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Thread: Militarized PDP11

  1. #1

    Default Militarized PDP11

    Just came across this ad for a militarized version of a PDP 11/70 from Norden. Anyone knows anything about it?

    Norder.jpg

    Source: https://books.google.es/books?id=wuO...page&q&f=false

  2. #2
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    Looks like Norden made a military version of the VAX too.
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  3. #3
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    See this for the Norden mil version of the 11/34: http://www.computerhistory.org/visib...mage/img-3287/

    When I was at DEC working on the 11/60 in the late seventies we met several times with Norden engineering folks who were also looking to do a mil version of the 11/60.

    I believe there was also a mil version of the LSI-11 that was sold by Norden. There are Norden ads for the LSI-11M and PDP-11/34M online, google NORDEN PDP-11.

    Don
    Last edited by AK6DN; January 7th, 2019 at 09:48 AM.

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    This is my Rolm 1602 Nova that was used in lots of military systems. They were used for decoding radar transponders and displaying the information on radar display along with ECM systems identifying threats and deploying countermeasures.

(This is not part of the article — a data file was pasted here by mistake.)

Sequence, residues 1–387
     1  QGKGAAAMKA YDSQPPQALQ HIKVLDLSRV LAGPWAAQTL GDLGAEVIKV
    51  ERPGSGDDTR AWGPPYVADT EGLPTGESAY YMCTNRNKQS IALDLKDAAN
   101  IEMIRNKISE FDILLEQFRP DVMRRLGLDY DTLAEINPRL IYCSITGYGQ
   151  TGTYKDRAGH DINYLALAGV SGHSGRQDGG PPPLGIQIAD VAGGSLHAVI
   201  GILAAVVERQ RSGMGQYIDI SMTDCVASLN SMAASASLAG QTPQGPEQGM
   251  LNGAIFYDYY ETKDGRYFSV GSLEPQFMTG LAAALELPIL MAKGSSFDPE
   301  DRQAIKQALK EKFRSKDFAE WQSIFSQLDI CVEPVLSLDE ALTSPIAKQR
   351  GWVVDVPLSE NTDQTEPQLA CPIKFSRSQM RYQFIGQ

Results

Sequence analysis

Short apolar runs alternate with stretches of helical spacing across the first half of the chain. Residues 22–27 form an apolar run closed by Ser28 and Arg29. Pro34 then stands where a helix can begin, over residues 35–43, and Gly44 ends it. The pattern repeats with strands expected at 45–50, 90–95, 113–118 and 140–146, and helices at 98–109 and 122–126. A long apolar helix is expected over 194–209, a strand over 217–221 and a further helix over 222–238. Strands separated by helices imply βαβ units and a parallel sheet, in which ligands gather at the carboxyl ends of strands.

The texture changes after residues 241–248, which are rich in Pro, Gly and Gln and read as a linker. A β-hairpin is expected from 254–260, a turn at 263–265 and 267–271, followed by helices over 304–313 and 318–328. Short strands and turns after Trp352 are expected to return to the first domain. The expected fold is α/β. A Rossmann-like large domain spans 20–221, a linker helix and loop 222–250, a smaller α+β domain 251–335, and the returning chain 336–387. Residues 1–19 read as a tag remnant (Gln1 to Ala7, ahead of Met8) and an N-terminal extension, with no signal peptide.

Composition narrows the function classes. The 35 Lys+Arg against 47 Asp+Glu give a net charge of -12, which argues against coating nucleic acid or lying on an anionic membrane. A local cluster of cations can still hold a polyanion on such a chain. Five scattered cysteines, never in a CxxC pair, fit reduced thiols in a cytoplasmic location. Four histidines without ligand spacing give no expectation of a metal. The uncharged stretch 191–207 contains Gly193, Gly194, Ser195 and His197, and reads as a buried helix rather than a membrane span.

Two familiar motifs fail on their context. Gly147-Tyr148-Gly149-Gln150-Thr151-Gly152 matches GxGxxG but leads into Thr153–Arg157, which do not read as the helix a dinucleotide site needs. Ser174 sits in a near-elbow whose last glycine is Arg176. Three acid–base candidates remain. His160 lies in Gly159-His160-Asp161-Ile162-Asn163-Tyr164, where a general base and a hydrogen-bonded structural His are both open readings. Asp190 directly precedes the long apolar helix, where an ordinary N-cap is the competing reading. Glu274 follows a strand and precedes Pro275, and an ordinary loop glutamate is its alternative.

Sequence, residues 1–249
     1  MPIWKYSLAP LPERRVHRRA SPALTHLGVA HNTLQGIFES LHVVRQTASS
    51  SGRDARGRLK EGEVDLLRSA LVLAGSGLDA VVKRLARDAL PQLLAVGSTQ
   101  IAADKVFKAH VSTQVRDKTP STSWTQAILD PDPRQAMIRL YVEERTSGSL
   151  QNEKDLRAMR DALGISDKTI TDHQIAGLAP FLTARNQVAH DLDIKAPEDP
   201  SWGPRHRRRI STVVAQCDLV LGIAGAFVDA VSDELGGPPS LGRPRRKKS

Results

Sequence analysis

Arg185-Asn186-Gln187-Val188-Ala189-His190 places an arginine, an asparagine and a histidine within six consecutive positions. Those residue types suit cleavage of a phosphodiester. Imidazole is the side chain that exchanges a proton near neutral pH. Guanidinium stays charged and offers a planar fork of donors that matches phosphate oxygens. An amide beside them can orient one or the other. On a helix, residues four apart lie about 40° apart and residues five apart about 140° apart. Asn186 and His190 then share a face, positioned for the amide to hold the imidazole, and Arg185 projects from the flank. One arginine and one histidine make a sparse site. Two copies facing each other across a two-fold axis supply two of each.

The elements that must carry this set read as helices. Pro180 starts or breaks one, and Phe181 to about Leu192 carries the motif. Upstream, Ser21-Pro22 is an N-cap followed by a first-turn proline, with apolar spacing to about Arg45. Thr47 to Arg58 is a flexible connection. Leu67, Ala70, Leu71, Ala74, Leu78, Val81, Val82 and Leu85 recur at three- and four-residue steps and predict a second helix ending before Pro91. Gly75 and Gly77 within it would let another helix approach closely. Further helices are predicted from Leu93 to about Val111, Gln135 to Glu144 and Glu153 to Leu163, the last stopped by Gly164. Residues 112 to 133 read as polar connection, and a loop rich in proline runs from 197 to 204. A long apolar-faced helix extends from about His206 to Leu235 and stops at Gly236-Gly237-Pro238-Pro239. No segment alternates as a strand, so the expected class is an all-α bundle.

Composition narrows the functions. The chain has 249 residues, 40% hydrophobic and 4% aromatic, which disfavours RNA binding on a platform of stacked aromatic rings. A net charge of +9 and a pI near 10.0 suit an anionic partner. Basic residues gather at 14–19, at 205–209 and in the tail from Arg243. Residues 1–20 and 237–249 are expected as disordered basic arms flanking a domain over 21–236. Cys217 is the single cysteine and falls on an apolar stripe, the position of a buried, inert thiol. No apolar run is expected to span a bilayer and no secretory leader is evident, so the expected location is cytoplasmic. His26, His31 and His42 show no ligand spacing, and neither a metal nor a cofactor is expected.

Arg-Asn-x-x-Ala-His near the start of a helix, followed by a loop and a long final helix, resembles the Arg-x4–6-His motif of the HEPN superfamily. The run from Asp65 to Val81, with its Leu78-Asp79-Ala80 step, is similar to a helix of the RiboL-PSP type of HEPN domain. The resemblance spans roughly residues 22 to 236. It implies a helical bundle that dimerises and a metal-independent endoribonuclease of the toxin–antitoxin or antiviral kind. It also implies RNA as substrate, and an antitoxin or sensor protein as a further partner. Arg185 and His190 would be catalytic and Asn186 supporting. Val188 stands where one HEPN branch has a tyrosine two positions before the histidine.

They operated with the same code as the regular Data General Nova.


    IMG_0139.jpg

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    The RICM has 3x AN/AYK-14 military computers. We were told that they came from an F-14, and that they would run the same instructions as an early CDC machine. We haven't powered them on yet.
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  6. #6

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    Very nice information guys, it wonderful to discover new product branches and uses. Looking at the pictures of these systems it called my attention how packed and tight everything is, temperature and cooling must had been an issue.

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    Quote Originally Posted by edcross View Post
    Looking at the pictures of these systems it called my attention how packed and tight everything is, temperature and cooling must had been an issue.
    These ATR systems are designed for low power consumption. The PCBs have an aluminum or copper core that conducts heat from the ICs to the aluminum chassis. There are Wedge Loks to clamp the edge of the PCBs to the chassis to provide mechanical strength and to improve the heat conduction. Modern ATR chassis have fins on the outside and no fans, so the amount of power that can be used is limited. Using low power ICs and power management you can get a surprising amount of computing done with very little power.

    The CDC chassis at the RICM have radiator fins inside the outer surface of the chassis and fans in the back to pull air through the fins. This increases power dissipation capability at the expense of lower reliability. In an aircraft there is usually plenty of very cold air to cool the electronics. On one project that I worked on we had to mix warm air with the -70F fresh air so the electronics would not go below -30F.

    I have also seen ATR chassis that circulate liquid coolant, usually water & glycol, through passages in the outside of the chassis. The liquid cooled chassis can handle very high power.
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